The Christian Quarter
Trip Start Sep 19, 2010
33Trip End Oct 25, 2010
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My day at Masada (palace and fortification on a hilltop 3 hour drive from Jerusalem - fascinating and beautiful - plus the Dead Sea) tomorrow I hope).
I am now in Turkey at a Boutique Hotel which a wonderful ambience about it. It is on a narrow cobblestone street and was formerly a 5 story house. Service is perfect - rooms small but amenities perfect. There are several other hotels on the street and they have sidewalk restaurants. Even though it was raining, diners were out under the cover, the hotel provided shawls and the street is lit is a cosy way so you can see into the shops and other restaurants. You will see when I get to that date - no pictures of it yet. But there is a Turkish Bath on the bottom level and I am trying it tomorrow morning before my tour. I will catch up with everything before I get home I hope but if not you will keep getting chapters for a few days after Oct. 24.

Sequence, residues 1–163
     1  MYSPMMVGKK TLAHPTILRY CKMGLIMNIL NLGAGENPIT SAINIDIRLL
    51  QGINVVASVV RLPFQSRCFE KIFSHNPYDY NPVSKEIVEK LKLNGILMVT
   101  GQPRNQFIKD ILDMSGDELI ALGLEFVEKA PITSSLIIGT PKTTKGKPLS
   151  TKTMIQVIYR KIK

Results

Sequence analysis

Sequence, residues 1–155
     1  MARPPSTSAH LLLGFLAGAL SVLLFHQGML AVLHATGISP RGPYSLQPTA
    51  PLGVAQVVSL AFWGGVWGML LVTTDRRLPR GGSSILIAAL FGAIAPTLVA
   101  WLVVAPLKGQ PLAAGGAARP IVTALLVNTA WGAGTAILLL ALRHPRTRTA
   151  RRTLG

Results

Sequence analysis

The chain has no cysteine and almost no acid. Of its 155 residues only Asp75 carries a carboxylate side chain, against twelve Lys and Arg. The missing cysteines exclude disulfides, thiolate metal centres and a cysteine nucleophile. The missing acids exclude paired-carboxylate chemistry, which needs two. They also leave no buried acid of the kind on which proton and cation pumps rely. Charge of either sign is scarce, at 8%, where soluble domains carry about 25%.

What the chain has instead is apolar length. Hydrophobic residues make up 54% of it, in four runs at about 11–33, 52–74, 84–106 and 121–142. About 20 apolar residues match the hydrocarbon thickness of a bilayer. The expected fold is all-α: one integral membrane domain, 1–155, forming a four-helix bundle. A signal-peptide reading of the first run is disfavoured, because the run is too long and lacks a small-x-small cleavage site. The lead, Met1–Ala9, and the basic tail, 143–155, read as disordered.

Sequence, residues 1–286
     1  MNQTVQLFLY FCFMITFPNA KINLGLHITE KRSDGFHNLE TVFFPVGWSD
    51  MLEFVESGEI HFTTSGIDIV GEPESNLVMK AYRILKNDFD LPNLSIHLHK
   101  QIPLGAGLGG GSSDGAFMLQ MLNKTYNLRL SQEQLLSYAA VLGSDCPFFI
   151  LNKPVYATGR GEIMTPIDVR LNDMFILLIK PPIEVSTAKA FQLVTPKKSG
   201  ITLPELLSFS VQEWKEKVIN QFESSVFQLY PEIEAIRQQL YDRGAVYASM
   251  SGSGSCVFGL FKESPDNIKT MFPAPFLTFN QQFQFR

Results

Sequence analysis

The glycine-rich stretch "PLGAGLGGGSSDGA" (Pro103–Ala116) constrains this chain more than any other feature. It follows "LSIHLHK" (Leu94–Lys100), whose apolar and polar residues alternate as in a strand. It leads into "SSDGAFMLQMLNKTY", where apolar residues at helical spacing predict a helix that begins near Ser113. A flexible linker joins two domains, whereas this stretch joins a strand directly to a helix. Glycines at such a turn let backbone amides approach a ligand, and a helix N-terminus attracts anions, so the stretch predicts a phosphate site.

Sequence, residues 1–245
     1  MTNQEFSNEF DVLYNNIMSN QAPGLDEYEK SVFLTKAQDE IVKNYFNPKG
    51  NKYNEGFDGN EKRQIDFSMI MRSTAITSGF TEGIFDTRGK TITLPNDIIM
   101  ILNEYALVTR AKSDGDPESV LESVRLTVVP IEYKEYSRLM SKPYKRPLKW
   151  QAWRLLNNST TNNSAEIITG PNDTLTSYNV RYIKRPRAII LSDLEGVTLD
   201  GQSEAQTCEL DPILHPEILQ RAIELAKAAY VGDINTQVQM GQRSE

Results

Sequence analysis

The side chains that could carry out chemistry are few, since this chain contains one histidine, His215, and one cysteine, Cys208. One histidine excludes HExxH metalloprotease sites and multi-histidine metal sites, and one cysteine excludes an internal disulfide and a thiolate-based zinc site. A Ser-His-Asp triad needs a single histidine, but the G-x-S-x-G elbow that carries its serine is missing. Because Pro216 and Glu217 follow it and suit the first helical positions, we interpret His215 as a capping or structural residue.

Four Periods in the History of Jerusalem By Lili Eylon
The ancient stones of Jerusalem, the capital of Israel, are imbued with millennia of history. In 1000 BCE King David made the city, located in the heart of the country, his capital. Over the centuries,Jerusalem, held sacred by the three major monotheistic religions, has been a city of places of worship, community life and cultural development as well as a focus of conflict. Today, it is a growing metropolis which faces the challenges of modern urban life while preserving its unique historical and spiritual nature.The interested visitor can view, in Jerusalem, models depicting the city in four periods of its history:In the First Temple Period (c. 960-586 BCE); during King Herod's reign in the first century CE (Second Temple Period, 538 BCE - 70 CE); in the latter part of the 19th century, under Ottoman rule; present-day Jerusalem, planning for the future.
Jerusalem can divided into four Quarter as shown and described below
The Four Quarters
The Old City is divided into four neighborhoods, which are named according to the ethnic